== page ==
Almost six months after the start of lockdown in Europe, we still have no clear answer to the psalmist’s question, ‘How long, Lord?’ (Ps. 13).
A matter of weeks, we first thought; then conceded that it could take months before ‘normality’ would return. Now we hear it could be years before we return to our pre-corona lifestyle of world travel, hugging friends and relatives, singing in church, yelling at football matches and crowding into restaurants, cafes and bars… if ever.
Far from ‘disappearing with the spring’, the pandemic continues to produce more questions than answers. Will vaccines be available soon? Will vaccine-phobia make group-immunity impossible? Will global air traffic ever recover? What will the long-term effect be on families? on marriages? on a generation of children whose education has been disrupted? When will my wife and I be able to use the travel vouchers received last week for a cancelled trip to New Zealand to see my 97-year old mother?
How long, Lord? Half a year on, no-one really knows.
In the first weeks of lockdown, I circulated a far-sighted article from the Praxis Journal to friends and colleagues called: Leading Beyond the Blizzard. While incompetent political leaders were playing down the seriousness of the crisis by disparaging experts and professionals, these authors urged their readers to recognise COVID-19 not just as something to ‘get through’ for a few days or weeks. Rather, we were facing at least an economic and cultural blizzard. Yes, survival would mean bunkering down for the coming weeks, but more likely, this was the start of a long harsh winter requiring a total re-think of operations. Very possibly, we were on the brink of a ‘little ice age’ — a once-in-a-lifetime change upending our lives and organisations for years to come.
We’re not going back to normal, the authors warned, quoting an MIT Technology Review article predicting that social distancing was here to stay for a long time. The COVID-19 crisis could only end either when a vaccine was available (and applied) or when enough of the world’s population (two-thirds?) had become infected and thus immune(?); with enormous human and economic costs.
Yet this pandemic is probably not ‘The Big One’, according to Michael Osterholm and Mark Olshaker in their book, Deadliest enemy (2017), which included a chapter on coronaviruses titled ‘SARS and MERS: Harbingers of Things to Come’. ‘Terrible as it is, COVID-19 should serve as a warning of how much worse a pandemic could be’, write the authors in the July/August Foreign Affairs magazine.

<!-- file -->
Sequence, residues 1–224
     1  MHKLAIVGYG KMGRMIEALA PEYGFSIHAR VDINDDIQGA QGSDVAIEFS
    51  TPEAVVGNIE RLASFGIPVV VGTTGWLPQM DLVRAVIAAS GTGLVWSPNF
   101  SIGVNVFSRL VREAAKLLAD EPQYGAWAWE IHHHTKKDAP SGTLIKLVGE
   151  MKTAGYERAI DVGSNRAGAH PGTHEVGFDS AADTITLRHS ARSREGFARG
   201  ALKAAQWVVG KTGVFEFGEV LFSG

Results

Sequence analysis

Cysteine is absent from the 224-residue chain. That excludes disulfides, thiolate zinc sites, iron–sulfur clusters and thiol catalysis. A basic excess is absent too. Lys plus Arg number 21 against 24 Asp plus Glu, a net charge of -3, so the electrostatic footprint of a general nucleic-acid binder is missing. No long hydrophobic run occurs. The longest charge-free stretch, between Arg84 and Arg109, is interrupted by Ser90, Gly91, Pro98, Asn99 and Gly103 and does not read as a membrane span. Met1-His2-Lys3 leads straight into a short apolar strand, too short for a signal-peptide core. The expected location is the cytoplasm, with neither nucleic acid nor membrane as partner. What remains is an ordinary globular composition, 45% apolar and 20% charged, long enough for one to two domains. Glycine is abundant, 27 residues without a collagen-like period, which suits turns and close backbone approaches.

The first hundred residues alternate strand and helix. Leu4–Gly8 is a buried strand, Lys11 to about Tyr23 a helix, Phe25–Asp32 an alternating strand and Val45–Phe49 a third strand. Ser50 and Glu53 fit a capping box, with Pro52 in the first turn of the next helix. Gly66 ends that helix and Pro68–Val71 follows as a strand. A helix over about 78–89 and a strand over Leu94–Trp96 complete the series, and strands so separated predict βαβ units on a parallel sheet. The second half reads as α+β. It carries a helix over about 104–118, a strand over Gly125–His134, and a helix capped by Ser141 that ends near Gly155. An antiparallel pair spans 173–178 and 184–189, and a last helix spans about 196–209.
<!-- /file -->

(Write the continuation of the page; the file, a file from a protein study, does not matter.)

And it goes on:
So what lessons should we be learning from this pandemic?
Firstly, we should prepare for much worse realities, sooner or later. Globally less than one million have died from COVID-19, one-fifth being Americans. Yet the 1918 influenza pandemic took 100 millions lives, equivalent to 400 million today. Still, the likelihood of better preparation in the future is low. As one former White House staffer observed, leaders ‘do what is easy and pays immediate dividends rather than what is hard, where the dividends seem remote.’ This is not new: Daniel Defoe wrote in 1665 that London authorities first tried to ignore the Bubonic Plague, keeping information from the public until the spike in deaths became undeniable.
Secondly, we should remain focussed on our mission in our local churches and mission organisations – not on preserving our past means and methods for pursuing that mission. This is a time to re-evaluate everything. Ask what God might want us to do differently. Be alert for new opportunities new challenges bring, trusting in God’s sovereignty. We can be thankful for the internet enabling families, friends and fellowships to connect like never before in history.
Will the post-corona church look more like the home fellowships of the early church, not centred on the large buildings and formal ceremonies of Constantianism?
What might a post-corona Youth With A Mission look like, having developed short term missions in the jet-age with global travel, and international schools and outreaches, all of which are now greatly restricted? One of the YWAM values is ‘doing new things in new ways’. The crisis catalysed new ways to pursue our Schuman Centre programmes this summer: an online State of Europe Forum, spawning monthly online Schuman Talks; online Continental and Celtic Heritage Tours with global participation; a hybrid Summer School in European Studies with participants both in the Amsterdam classroom and around the world.
Thirdly, we should heed Peter’s warning ‘not to be surprised at the fiery trials you are going through’ (I Peter 4:12). He would have agreed with Paul that ’neither death nor life … nor anything else in all creation, will be able to separate us from the love of God that is in Christ Jesus our Lord’ (Romans 8:38,39).
With the psalmist, whose question remains unanswered, we can also say: I will sing the LORD’s praise, for he has been good to me. (Ps. 13:6).